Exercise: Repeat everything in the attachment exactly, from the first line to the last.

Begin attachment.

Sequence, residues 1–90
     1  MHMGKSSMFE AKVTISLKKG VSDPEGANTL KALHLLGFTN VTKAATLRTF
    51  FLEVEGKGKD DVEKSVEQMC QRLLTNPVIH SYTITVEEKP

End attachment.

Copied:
Sequence, residues 1–90
     1  MHMGKSSMFE AKVTISLKKG VSDPEGANTL KALHLLGFTN VTKAATLRTF
    51  FLEVEGKGKD DVEKSVEQMC QRLLTNPVIH SYTITVEEKP